Tuesday, January 21, 2014

Book: Barbara Demick's "Nothing To Envy"

After hiking the Pacific Crest Trail with my last book, I decided to choose something less serious to read for my second book of the year.  To lighten things up I read Barbara Demick's "Nothing to Envy: Ordinary Lives in North Korea."

Demick, a journalist working out of South Korea, interviewed several North Korean defectors to build an image of life in the oppressed nation.  To narrow down the scope of the book she chose Chongjin, the third largest city in North Korea, as her focus and painted an image of the life in the city over the last twenty-something years.

The interviews tell of a slow deterioration under the leadership of Kim Il-Sung and Kim Jong-Il.  How first work, then paychecks, and finally food disappears for the ordinary North Koreans.  You can hear the desperation in the voices of the people written about.  How they watch helplessly as their children, siblings, spouses, and parents die of disease, malnutrition and starvation.  We may never know the true number of victims of the economic collapse and the following famine but it probably topped a couple million people.

The people she includes in the book are varied.  Old, young, true believers in North Korean society, and doubters.  Many westerners think if it's so bad, why don't the people do something.  The book gives explanations - the strength of the secret police and gulag system at suppressing dissent and the utter non-existence of information from outside North Korea.  When all you hear is that you live in the best country in the world, that everyone else is suffering more than you, why would you try to get out?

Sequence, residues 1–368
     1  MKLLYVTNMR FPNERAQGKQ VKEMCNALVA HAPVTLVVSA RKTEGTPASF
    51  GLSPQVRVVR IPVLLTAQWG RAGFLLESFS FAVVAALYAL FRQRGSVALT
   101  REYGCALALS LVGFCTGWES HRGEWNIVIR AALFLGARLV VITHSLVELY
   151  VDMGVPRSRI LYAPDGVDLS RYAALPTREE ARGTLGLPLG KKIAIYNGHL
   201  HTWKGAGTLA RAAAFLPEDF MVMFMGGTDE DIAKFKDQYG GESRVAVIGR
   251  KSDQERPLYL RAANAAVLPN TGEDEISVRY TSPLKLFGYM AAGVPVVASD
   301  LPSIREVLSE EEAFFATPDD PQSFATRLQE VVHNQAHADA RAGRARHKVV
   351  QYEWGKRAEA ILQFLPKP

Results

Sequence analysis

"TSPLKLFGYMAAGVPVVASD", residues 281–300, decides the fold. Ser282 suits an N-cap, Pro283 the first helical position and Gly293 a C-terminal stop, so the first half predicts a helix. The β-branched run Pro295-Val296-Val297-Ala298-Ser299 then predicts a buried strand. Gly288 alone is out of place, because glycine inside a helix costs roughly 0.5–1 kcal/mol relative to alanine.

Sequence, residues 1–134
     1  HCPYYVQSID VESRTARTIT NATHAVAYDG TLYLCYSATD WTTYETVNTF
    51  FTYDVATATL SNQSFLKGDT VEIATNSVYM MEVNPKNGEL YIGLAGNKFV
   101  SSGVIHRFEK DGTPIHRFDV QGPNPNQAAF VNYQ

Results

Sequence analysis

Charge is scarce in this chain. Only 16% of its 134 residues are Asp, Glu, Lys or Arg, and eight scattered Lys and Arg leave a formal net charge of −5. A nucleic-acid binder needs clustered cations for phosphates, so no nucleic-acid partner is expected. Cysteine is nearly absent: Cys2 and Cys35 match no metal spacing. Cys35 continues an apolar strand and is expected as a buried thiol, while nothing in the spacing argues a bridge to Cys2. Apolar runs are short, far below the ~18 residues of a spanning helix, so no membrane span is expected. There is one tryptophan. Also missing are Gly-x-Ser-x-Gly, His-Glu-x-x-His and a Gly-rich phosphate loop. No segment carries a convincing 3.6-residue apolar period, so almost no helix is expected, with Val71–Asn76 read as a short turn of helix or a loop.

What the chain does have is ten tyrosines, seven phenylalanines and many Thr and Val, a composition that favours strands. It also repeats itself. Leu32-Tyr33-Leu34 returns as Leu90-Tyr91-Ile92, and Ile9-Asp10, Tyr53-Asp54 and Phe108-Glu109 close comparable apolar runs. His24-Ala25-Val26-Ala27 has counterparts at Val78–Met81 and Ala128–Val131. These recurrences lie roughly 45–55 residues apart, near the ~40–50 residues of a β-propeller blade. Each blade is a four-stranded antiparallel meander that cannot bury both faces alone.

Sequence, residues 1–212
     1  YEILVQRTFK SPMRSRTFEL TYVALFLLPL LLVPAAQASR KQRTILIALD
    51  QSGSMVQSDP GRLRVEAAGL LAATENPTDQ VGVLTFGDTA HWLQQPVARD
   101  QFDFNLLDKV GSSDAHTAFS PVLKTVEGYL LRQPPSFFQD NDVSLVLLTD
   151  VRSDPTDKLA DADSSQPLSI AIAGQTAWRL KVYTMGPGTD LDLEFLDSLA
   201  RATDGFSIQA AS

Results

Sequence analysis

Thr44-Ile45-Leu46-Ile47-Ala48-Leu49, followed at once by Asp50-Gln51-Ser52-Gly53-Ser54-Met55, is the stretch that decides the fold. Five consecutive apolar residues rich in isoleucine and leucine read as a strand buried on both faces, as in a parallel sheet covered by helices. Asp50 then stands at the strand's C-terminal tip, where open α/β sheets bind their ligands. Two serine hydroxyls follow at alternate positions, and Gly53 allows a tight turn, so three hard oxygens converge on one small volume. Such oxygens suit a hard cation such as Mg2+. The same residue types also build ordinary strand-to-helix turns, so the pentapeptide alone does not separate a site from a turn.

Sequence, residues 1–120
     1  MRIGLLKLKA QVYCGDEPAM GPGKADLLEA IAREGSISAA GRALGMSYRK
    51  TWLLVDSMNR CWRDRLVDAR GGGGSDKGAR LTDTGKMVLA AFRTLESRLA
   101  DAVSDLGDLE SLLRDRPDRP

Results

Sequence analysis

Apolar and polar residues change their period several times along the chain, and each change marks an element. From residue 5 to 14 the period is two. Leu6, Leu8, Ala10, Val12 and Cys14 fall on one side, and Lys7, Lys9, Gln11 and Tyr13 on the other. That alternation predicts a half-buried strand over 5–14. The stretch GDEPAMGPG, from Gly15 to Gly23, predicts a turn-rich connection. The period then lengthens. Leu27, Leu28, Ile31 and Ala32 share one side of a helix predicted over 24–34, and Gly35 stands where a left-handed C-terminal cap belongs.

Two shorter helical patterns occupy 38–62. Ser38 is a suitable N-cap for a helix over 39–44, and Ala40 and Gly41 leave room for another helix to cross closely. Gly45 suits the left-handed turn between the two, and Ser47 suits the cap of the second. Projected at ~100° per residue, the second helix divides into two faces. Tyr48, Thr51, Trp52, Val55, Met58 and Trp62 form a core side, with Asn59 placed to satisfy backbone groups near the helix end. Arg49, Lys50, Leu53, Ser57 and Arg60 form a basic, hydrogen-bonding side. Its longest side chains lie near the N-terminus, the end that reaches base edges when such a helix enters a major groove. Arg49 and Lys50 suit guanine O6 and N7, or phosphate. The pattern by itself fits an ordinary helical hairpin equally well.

The last third of the book follows the defectors as they cross into China for different reasons and find different paths, all dangerous, to get to South Korea.  Demick talks briefly about how the defectors are helped to assimilate into the society and how hard it is to go from a place where all your decisions are made for you to a place where all the decisions are yours to make - a frightening and parallelizing prospect for many of the defectors.

I like the way this book read.  Demick has an easy to read style that kept me reading.  You feel like you are seeing North Korea through the lives of these people.  You see the hope and the despair. We can only hope North Korea can one day find freedom and can rejoin with South Korea without destroying both countries.

Recommended.

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